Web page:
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Maine Vaccine Mandate Rejected by the US Supreme Court

Justice Stephen Breyer of the United States Supreme Court dismissed a religious objection to a requirement that healthcare workers in Maine be vaccinated against COVID-19 on Tuesday, the latest such claim to be rejected by the nation’s highest court. However, Breyer stated in a brief ruling that the challengers – unidentified plaintiffs who claimed to be healthcare professionals who objected to the vaccine on religious grounds – might file a new request for a mandate exemption when the 1st U.S.

Circuit Court of Appeals ruled on their case. Unfortunately, the Boston-based appeals court ruled against the healthcare workers shortly after Breyer’s order, sending the case back to the Supreme Court. Maine’s rule called for all healthcare workers to be entirely vaccinated by the beginning of October, but the state indicated it wouldn’t start enforcing it until October 29. Maine voters decisively rejected a referendum challenging the law last year, which abolished religious exemptions from mandatory immunizations.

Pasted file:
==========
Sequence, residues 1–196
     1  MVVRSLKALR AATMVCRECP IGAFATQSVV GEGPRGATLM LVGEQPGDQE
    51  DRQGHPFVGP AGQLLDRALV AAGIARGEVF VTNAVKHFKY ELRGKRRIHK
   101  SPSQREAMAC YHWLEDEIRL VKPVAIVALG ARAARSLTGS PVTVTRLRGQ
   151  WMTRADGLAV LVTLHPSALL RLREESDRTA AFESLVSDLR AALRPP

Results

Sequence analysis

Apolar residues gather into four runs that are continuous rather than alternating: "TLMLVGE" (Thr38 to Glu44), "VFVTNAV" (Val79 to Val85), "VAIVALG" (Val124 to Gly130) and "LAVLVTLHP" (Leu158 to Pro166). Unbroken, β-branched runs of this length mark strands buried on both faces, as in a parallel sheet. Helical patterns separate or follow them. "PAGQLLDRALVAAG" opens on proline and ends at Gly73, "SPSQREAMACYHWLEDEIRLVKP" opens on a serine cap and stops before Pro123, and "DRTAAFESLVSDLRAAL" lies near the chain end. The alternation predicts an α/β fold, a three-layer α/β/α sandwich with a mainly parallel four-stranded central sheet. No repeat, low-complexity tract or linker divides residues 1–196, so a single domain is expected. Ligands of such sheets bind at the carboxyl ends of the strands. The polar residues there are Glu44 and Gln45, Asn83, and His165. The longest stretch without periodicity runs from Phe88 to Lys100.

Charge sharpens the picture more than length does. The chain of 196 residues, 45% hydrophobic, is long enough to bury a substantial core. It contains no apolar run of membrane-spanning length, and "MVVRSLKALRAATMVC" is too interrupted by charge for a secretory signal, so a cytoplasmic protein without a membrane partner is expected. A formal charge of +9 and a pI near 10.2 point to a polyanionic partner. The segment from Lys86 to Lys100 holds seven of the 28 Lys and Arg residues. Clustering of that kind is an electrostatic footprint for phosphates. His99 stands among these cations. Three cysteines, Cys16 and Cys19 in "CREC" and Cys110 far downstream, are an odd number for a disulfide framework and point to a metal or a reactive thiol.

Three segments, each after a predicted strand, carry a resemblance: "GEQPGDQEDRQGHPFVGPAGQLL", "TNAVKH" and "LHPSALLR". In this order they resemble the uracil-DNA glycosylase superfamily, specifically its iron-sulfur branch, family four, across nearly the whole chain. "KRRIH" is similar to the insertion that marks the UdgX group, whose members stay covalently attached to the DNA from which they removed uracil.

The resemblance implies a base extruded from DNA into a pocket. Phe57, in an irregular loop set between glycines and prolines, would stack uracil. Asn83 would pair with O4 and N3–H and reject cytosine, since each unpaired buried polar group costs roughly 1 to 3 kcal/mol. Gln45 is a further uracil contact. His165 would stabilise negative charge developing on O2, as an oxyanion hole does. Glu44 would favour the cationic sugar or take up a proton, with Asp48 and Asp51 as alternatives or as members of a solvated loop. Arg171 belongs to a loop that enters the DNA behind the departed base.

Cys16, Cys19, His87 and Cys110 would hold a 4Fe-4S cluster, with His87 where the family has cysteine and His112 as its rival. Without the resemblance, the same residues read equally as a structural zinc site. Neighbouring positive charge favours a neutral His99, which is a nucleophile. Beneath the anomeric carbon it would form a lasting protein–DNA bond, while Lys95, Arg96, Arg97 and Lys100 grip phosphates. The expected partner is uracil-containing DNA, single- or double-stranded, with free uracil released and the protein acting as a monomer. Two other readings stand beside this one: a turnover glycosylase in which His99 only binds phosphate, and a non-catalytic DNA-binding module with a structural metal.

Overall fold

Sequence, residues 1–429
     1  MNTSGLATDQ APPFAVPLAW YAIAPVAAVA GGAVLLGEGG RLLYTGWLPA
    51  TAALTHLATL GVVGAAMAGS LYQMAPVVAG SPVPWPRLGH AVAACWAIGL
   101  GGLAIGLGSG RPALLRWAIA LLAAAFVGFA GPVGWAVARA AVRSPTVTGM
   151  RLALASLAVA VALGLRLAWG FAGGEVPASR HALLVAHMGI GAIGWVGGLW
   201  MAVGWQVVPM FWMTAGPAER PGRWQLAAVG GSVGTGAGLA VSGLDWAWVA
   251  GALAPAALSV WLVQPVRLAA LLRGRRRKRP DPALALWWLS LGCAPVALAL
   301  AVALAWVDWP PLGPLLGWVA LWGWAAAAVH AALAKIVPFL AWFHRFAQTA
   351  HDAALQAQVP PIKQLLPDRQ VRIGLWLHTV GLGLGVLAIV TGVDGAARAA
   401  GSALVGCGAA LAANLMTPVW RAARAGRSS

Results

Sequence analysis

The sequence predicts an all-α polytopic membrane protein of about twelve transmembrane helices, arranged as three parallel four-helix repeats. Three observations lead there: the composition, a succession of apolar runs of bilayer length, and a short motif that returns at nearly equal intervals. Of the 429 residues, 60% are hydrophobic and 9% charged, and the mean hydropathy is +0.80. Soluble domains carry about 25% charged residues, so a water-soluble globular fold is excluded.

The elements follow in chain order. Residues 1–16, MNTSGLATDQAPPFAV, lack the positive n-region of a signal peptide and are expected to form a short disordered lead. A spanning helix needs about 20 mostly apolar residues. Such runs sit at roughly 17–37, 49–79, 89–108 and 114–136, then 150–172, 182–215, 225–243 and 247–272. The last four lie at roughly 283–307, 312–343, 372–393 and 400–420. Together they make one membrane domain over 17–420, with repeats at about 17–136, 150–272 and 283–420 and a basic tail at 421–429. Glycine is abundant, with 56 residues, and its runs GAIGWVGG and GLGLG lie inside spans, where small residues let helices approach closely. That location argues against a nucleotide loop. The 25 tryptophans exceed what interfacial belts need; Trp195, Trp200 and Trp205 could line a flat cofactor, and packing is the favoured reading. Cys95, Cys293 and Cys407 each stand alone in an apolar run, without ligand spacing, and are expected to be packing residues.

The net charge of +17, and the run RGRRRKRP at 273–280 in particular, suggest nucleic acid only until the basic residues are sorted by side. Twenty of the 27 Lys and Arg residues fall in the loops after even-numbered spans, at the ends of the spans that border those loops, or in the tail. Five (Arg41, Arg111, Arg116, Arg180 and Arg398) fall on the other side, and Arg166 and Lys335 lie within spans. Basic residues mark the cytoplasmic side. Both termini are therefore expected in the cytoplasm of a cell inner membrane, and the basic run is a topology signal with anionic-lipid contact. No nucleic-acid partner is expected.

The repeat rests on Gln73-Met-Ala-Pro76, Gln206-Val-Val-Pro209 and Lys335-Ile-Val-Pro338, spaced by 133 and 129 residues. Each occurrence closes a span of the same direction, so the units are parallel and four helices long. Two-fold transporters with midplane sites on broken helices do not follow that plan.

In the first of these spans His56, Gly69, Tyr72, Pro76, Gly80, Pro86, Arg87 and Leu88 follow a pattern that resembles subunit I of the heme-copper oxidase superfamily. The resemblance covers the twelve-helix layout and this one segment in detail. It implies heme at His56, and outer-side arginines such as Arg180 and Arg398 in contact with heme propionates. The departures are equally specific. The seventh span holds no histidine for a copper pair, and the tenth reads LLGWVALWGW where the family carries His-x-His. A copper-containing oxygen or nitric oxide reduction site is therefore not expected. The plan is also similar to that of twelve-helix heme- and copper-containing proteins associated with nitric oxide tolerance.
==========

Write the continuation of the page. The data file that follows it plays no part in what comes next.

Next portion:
As he is the justice assigned to deal with emergency requests coming from cases in states in a region including Maine, Breyer handled the matter for the Supreme Court. A federal judge denied the demand for an exemption. Breyer’s decision represents the Supreme Court third rejection of a challenge to the COVID-19 vaccine mandate. This month, Justice Sonia Sotomayor refused to overturn New York City’s vaccination requirement for public school teachers and employees. In August, Indiana University students were unsuccessful in their attempt to have the school’s vaccination mandate overturned by Justice Amy Coney Barrett.

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